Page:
Are such responses due to the embedded Kiwi cultural norm of having an aversion to being told what to do? Certainly, there is an apparent reluctance on the part of teachers, sector leaders, government agencies and policy makers to inflict anything mandatory or compulsory upon the sector. Responding to calls for all schools to include Māori Land Wars in the curriculum, former Education Minister Hekia Parata said that it is “not the
New Zealand way” to compel specific things.
Virtues of a high trust model
Current minister Chris Hipkins is eager to see New Zealand teachers working within a high trust system. A high trust model essentially gives teachers more autonomy, more freedom to try new things and take risks. It is a model that allows teachers to flourish.
Principal at St Mary’s School in Gore, Annie Nelson, is a fan of a high trust model and of “people who take a risk on behalf of the learner”. She believes teachers are not trusted as much as they could be. Nelson says there is a tendency for teachers to wait for extra support but she thinks they should be trusted to rely on their instincts and do what needs to be done.
If a teacher has been burned before, they won’t take those risks, she says. Nelson says she’s had teachers who have been teaching for over 20 years say they’re nervous at the prospect of a quick teaching observation.
By contrast, other countries, including the US, UK and many European countries, place their teachers under greater scrutiny and hold them more accountable than teachers in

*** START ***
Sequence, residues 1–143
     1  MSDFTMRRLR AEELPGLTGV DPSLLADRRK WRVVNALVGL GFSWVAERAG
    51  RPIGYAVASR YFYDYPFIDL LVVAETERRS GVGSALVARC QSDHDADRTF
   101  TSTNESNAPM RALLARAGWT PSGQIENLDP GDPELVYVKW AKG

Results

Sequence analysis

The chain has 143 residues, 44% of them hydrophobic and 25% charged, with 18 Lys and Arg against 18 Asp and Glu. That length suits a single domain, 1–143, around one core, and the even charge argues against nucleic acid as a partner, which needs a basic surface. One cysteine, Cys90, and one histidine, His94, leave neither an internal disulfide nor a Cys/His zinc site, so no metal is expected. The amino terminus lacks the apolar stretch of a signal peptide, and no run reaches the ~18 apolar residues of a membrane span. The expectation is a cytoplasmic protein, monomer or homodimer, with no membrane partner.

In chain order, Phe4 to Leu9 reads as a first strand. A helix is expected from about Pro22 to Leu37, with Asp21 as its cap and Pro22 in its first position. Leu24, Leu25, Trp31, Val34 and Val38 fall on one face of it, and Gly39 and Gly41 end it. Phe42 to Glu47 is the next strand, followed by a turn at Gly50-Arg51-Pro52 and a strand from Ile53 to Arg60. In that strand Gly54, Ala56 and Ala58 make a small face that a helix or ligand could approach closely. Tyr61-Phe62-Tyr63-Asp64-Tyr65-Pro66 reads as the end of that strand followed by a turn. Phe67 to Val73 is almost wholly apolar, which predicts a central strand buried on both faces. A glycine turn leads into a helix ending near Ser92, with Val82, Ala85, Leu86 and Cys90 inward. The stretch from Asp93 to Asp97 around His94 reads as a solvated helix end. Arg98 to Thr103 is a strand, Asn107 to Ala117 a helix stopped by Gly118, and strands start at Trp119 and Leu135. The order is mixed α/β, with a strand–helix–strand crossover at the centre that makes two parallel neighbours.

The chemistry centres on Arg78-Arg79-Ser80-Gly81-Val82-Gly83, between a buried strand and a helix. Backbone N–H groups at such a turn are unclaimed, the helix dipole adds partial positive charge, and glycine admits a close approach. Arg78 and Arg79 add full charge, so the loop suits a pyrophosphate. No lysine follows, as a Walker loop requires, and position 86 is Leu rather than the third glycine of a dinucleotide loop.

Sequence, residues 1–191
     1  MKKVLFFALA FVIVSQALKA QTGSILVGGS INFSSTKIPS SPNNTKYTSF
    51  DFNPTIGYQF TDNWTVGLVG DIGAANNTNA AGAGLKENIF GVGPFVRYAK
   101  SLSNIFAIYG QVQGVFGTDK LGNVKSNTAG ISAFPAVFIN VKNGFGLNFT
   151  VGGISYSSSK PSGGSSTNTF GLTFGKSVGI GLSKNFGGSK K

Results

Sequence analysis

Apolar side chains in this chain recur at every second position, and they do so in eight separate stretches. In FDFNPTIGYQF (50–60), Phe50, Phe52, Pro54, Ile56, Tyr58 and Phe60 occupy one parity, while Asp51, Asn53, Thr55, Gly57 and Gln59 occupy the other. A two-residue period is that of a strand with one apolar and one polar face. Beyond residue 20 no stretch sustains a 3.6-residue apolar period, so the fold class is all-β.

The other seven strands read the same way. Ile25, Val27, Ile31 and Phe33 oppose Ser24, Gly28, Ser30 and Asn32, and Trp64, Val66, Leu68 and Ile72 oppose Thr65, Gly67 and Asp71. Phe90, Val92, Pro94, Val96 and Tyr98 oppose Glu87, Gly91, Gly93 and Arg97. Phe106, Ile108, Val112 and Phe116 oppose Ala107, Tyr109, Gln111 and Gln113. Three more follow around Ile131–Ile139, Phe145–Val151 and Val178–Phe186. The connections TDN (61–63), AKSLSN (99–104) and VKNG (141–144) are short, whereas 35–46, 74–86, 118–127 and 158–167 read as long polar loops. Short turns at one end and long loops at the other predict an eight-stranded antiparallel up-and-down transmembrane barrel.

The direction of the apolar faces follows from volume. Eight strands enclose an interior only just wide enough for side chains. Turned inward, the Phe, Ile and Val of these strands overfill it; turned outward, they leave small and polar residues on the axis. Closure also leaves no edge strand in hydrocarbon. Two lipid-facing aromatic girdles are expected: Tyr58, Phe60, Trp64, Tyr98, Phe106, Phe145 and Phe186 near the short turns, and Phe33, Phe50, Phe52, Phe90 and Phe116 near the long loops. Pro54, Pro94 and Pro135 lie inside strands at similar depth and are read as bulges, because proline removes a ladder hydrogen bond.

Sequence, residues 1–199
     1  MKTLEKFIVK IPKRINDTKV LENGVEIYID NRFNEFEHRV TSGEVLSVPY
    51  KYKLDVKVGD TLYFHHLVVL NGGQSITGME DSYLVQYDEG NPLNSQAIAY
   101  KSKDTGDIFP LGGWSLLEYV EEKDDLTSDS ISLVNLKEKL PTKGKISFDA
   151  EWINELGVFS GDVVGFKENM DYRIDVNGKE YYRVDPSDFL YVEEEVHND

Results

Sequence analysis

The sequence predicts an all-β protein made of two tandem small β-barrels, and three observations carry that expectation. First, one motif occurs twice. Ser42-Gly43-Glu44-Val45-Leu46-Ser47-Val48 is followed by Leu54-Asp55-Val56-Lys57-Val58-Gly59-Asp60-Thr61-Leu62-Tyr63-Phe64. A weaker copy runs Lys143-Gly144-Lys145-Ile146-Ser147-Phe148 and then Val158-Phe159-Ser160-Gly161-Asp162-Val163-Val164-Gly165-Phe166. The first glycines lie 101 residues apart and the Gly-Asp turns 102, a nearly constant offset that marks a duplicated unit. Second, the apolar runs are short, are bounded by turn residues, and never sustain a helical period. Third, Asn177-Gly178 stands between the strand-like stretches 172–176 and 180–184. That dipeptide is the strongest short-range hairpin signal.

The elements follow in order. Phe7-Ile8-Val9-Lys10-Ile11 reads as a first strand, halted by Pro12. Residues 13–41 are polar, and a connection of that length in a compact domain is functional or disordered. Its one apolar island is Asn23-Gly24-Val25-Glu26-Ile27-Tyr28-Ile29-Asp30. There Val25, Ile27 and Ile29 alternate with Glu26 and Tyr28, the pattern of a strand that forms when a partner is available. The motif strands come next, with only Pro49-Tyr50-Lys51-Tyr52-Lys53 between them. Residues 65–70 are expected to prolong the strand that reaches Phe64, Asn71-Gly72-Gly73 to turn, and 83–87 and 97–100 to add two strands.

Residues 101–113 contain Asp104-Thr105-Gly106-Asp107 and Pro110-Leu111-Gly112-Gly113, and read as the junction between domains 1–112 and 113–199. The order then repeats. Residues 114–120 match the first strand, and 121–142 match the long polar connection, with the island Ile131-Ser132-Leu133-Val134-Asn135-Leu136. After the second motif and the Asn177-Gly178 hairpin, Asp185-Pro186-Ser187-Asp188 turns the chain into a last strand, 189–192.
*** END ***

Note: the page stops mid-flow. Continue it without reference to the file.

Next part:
New Zealand. In the UK, for example, OFSTED (Office for Standards in Education) – the UK’s version of ERO – reduced their warning time for a school inspection from three weeks to zero, meaning schools could be subject to unannounced inspections.
As a result, most schools are said to operate on a heightened state of vigilance and competence. The negative side of this is that teachers are ever-mindful of being scrutinised and fearful of taking risks. It isn’t hard to see how OFSTED earned its nickname, ‘The Gestapo’.
Nelson, who originally taught in the UK, isn’t a fan of OFSTED’s approach.
“I once heard someone from OFSTED say, ‘If staff morale is at an all-time low, you know you’re doing something right’,” she says.
Nelson says she wouldn’t return to teaching in the UK.
Nelson believes teachers shouldn’t live in fear of ERO. She supports the notion of unannounced visits but only if they are conducted as a reassurance to teachers, rather than a big event every few years that schools plan for.
“Teachers are often exhausted after ERO,” she says.
The UK’s approach
The UK’s stricter regime has had a positive impact on inclusive education, however. Hot on the heels of the 2010 Equalities Act, OFSTED announced in 2012 that a school could only be rated ‘good’ or ‘outstanding’ if good progress had been made by special education students and other priority learners. Two years later the 2014 SEND Code of Practice came into play, introducing more checks and balances into the system.